really beefy looking.
front endcap taken off, bearing is just pressed in.
a closeup, a couple of whacks with a screwdriver and it popped out.
this was a disappointment though...the Boca set was 6x16x5. after googling a bit I found the correct size is actually 6x17x6. Just in case though, I emailed Castle to confirm. I will have to return these and buy the correct sizes :?
while I was at it, I replaced the RS4 dogbone in the front of the E-Revo.
the TC5 bone blades were pretty wrecked though.
at least it's still in one piece and not bent this time.
no damage at all in the diff input cup, RC Monster Mike knows what he's doing. (:
more metal dust, this time it's from the dogbone. there was damage of some sort on one of the balls, dunno how it happened but there you are...
the bone blades survived, more or less, but they are unusable.
the 6mm dogbone was indeed too small for the job. it was overtaxed by the job of the front center driveshaft...the front was usually off the ground when accelerating, but under braking the full force of the truck overwhelmed it. This is proven by the direction of the twist, which is clockwise (power from the transmission is clockwise, which would result in a counterclockwise twist).
size comparison of the new 7mm dogbone. I would've preferred an 8 but that's all I could find... the damage on the old dogbone is visible on the right side.
taking the washers out of the transmission to lower CoG back down to stock height. the mesh of the gears I'm using (24/54 0.8M) is big enough to clear the shaved rear shock tower.
checking the wear on the rear center driveshaft. RCM drive cup slightly affected.
Traxxas drive cup not so good...
Traxxas drive cup slightly dimpled from the front center driveshaft
new driveshaft in. Only about 2mm front/rear play with the cups.
a shot of the motor mount post mod. It's hard to see cause the washer is mostly poking out the back, but the lip of the washer goes over the motor mount, thus removing any play on it. It's a lot stronger and stiffer than just having the gear mesh screw at the top.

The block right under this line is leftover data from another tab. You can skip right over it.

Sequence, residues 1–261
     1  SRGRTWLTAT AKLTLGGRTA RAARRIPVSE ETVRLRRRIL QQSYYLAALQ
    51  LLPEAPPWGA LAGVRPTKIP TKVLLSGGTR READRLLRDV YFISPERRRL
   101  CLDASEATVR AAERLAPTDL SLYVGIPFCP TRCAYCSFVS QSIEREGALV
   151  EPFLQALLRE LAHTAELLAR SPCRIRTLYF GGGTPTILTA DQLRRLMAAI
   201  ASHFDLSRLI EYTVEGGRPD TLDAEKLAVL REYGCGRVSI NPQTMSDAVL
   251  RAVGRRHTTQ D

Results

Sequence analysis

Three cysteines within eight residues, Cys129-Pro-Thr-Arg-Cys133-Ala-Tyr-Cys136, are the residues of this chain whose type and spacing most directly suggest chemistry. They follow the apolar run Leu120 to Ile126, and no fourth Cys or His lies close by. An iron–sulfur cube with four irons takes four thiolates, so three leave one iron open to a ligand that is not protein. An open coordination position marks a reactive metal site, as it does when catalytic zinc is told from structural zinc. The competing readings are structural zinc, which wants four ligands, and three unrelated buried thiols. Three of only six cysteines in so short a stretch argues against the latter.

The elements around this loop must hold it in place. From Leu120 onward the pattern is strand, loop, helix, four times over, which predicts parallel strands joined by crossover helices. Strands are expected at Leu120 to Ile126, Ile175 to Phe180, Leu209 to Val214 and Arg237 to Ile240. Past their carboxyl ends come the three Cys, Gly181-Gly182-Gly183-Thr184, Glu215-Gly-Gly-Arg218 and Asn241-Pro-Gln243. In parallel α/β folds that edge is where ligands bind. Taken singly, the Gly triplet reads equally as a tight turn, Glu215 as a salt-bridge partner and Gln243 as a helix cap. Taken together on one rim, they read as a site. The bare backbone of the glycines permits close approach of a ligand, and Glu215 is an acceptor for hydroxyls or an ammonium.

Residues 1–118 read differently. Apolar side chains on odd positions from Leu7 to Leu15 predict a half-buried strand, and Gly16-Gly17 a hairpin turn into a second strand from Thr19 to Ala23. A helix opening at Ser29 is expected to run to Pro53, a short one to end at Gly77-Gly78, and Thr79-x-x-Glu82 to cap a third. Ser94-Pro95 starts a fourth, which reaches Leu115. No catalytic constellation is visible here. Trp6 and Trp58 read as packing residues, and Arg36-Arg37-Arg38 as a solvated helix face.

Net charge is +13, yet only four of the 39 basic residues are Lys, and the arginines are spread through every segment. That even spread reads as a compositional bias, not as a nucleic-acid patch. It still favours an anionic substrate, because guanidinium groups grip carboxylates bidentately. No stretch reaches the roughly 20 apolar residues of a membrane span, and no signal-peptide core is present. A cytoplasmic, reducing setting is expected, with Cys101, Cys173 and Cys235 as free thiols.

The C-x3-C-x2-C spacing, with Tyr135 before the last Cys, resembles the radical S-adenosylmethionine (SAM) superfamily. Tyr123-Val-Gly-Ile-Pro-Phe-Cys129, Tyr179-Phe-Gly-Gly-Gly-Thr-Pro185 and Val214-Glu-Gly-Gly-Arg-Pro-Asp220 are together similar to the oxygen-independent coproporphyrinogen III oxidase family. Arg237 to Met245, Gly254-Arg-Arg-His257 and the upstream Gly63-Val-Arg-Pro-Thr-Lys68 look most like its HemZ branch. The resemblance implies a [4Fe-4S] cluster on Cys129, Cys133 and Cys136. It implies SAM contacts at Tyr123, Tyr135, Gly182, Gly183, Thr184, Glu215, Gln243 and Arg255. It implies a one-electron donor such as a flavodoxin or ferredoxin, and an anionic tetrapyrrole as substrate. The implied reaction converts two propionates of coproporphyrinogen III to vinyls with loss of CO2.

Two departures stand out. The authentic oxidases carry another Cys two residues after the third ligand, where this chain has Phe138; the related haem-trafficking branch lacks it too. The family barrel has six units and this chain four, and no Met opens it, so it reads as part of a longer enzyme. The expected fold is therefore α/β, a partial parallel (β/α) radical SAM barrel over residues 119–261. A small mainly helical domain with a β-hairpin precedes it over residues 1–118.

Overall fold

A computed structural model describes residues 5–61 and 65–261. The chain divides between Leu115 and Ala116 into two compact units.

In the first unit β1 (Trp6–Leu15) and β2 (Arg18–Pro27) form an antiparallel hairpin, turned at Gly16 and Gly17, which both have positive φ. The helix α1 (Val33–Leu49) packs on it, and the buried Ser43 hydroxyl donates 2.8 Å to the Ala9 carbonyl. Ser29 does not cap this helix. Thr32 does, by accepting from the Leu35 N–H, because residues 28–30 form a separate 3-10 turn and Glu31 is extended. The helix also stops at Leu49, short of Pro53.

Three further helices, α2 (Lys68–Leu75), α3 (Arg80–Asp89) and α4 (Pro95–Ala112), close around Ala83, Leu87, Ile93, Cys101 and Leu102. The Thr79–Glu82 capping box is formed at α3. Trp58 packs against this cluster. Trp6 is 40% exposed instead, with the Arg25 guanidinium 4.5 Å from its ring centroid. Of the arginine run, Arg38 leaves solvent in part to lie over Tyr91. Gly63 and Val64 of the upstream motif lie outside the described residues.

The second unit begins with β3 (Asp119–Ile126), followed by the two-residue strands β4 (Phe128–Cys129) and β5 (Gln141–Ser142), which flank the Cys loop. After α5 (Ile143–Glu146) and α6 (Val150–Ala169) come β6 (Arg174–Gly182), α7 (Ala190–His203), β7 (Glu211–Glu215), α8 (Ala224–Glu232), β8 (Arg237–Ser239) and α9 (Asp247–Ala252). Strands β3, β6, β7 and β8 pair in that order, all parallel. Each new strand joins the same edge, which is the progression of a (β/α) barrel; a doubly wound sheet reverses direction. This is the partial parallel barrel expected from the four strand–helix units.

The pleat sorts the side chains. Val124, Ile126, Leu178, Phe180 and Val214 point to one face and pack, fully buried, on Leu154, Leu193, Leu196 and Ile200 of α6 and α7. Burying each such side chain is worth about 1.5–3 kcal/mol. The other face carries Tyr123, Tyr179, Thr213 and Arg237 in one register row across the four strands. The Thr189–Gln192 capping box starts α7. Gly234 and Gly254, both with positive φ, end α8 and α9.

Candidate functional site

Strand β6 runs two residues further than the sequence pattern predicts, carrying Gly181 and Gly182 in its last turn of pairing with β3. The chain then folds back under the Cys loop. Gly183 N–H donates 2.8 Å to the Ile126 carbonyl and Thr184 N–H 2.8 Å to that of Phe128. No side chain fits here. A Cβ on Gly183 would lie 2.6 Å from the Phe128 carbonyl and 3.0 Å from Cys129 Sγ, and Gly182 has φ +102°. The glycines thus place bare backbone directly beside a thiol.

heatshrinking the bullets. It looks creepy, lol.
drilled a 5/64" hole, to tightly accept an M3 screw
having fun heatshrinking the Mamba Monster motor terminals
looks like a very clean install to me. two layers of sticky foam underneath (directly on the heatsink...not my ideal solution but it works) and a screw in the location I drilled earlier. I was also able to run the receiver cable through the heatsink fins, I doubt it will cause problems.
top view of the setup
you can kinda sorta not really see the screw, I used the last button head M3x6 stainless screw from my TC5R set.
I had to cut out nearly all of the rear left battery vent for clearance, the capacitors are huge! the spaghetti in there is my balance tap :mrgreen:
looking from the rear
can't put a fan there anymore, not without a Y adapter anyway. Used the bracket for some wire management.
data log from my run in the video. I could hardly break 2hp on the damp road. I took it out again this afternoon on some dry grass so we'll see how much power this baby's dumping! I actually ripped off one of my tires, I will need to reglue it... very happy with this setup.
I will also be reusing the Losi Zombie-Max tires, I glued them to some RPM Revolver 3.2" 17mm rims last night. I am trying a new idea on the stock Traxxas foams, using spray adhesive to stick the ends together.
despite being dirty and dusty, the adhesive works pretty well. I used some 3M general purpose SA that I had laying around.
it becomes extremely tacky within two minutes of spraying on, I can only imagine how strong it is when it's fully cured.
Here's the log from my run this afternoon on grass:
I also glued on the Zombie-Max tires to the Revolvers, I'll see how those do tomorrow.
Also rethinking my cooling solution.
this will do for now, but I would like to try getting both the ESC and motor with a single fan.
tearing down the slipper clutch
inspection...not too bad, actually. I expected the hub slipper plate to take more damage than the spur slipper plate, but it seems fine.
went legit - Hot Racing long aluminum slipper pads
they machined the holes big, so I used some loctite to temporarily stick the pads to the spur assembly
Posted 16 February 2011 - 03:49 PM
I have to say first, as a disclaimer, that I would not advise doing this to your E-Revo. I understand that some of us (you) like pushing the envelope, shoving huge motors into things that weren't really designed to take them and I fully understand that. With that out of the way, here are my recommendations and thoughts on why I did things, all in one place.